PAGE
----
Huntsman spider and its worm parasite Click to enlarge image
This worm has lived inside a spider, eating its internal tissues. Huntsman spider and its worm parasite Image: Carl Bento
© Australian Museum

Fast Facts

  • Classification
  • Size Range
    22 cm - 30 cm in length, Diameter 1 approx mm


Gordian worms belong to a small phylum, the Nematomorpha: a name that means 'form of a thread'. Their habit of writhing and contorting themselves into knots, with one or more worms tangled together, accounts for their common name, 'Gordian' Worm. This is after Gordius, King of Phrygia, who tied an intricate knot and declared that whoever untied it should rule Asia. Alexander the Great cut the Gordian knot with his sword.


Adult Gordian Worms are shaped like long, thin pieces of cord. They taper slightly at each end and reach lengths of about 22 cm to 30 cm. The diameter is usually not much more than a millimetre. They are brown or black in colour. There is no distinct head and the male differs from the female in having a forked tail. The males are often very active in their swimming, while females are more sluggish.


Gordian Worms are found all over the world, in still water such as puddles, ditches, ponds and quiet areas in streams. Sometimes they get into domestic water supplies, such as toilets or bowls of water. They are usually found after rains, their sudden appearance leading to stories to explain their presence. Some communities believe that a 'rain of worms' has occurred, others that horsehairs have 'come to life' after falling into a pond or stream. Since they often appear in animal watering troughs and their appearance is not unlike that of horsehair, although they are thicker, it is not difficult to see how this explanation came about. This also led to other common names, such as 'Horsehair Worms' and 'Horsehair Snakes'.

Adult Gordian Worms are free-living in water, but the juveniles are parasitic in land-dwelling insects and spiders. Because these hosts are not found in water, the larvae must reach them by a two-step process. The adult Gordian Worms attach long egg-strings to waterweeds and other debris in water. From these eggs, tiny larvae hatch and sink to the bottom, but can only survive for a short time unless they find a host. Many animals, such as fish, snails and small crustaceans, get infected.


Gordian Worms are found all over the world.

Other behaviours and adaptations

The Gordian worm larvae are thought to bore into the first host's tissues by means of an armature of spines on the proboscis (feeding structure, 'nose'). The larvae then form cysts (protective shells on their outer surfaces) in the body, but usually do not proceed further through their life cycle within these aquatic hosts. Many insects, however, have an aquatic, worm-like, larval stage (for example mosquito and dragonfly larvae), and if these animals are infected, then the Gordian cysts can be carried from the water when the insect larvae metamorphose into flying insects. When these insects are eaten by other invertebrates, such as grasshoppers, crickets, mantids, beetles, cockroaches and spiders, the Gordian Worm cysts can then break open and the larvae penetrate the gut of the new terrestrial host. Sometimes these hosts can be infected directly when they visit water, or live close to it.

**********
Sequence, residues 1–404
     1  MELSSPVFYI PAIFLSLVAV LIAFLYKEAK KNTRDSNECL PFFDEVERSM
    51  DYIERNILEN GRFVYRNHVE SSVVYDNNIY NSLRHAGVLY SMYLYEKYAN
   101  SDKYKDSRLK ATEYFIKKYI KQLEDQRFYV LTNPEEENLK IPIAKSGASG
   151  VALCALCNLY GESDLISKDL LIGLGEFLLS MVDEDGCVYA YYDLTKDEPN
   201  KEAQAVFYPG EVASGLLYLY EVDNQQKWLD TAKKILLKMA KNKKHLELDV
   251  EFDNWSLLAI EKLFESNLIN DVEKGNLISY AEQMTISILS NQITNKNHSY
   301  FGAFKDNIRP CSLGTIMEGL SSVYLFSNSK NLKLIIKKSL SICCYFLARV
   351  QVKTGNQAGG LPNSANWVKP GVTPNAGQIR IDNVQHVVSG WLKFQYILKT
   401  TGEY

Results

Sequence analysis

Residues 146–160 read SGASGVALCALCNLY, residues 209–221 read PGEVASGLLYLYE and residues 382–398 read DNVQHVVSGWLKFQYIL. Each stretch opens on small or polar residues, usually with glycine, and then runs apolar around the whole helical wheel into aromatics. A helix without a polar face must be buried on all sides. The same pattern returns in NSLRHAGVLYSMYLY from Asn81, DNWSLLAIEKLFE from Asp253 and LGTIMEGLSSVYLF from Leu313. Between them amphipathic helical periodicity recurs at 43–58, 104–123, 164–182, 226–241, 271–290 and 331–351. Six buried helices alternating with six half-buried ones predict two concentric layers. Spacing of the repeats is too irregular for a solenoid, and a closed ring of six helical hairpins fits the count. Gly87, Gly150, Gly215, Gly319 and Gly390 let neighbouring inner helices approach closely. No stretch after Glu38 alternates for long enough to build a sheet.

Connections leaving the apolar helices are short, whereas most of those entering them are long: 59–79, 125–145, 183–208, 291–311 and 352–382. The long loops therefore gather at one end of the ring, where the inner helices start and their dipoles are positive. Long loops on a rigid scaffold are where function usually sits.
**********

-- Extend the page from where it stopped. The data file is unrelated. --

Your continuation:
A larva lives in the body cavity of its host, secreting digestive enzymes through its skin to gradually absorb the host's body contents. It grows and sheds its larval structures, such as the hooks and stylets of the proboscis, and gradually changes its skin to that of an adult. Larval development takes a number of weeks, or even months, during which time the contents of the host's abdomen are completely consumed and the larva completely fills the cavity. It then breaks out when the host is near water, and takes up a free-living existence until its sex organs mature. The worms don't feed at all in the adult phase of their life cycle, so they die when the stored foods in their bodies are depleted.

Life history cycle

The free-living adult is the reproductive stage of the life cycle. The sexes are separate (i.e., individuals are either male or female) and the entire body of an adult is filled with two cylindrical sex organs (the gonads) containing eggs or sperm. The worms mate in water. A single female can lay as many as 10 million eggs. The larvae hatch after two to four weeks. Adult Gordian Worms are not often seen as they live for only two to four weeks and the females tend to hide among rocks, sticks and small branches in the water.

A number of freshwater fishes feed voraciously on Gordian Worms in summer and their stomachs may be crammed with the brown, thread-like worms. The fishes are not harmed by the worms and they are still safe to eat.

There have been reports of humans and dogs excreting Gordian Worms. Accidental ingestion of the worms, perhaps in drinking water, is the most likely explanation for these observations. Although Gordian Worms can resemble some of the parasitic round worms (Phylum Nematoda), but there is no danger of humans becoming parasitised by them.


  • Barnes, R. D. 1980. Invertebrate Zoology. Saunders College, Philadelphia, USA.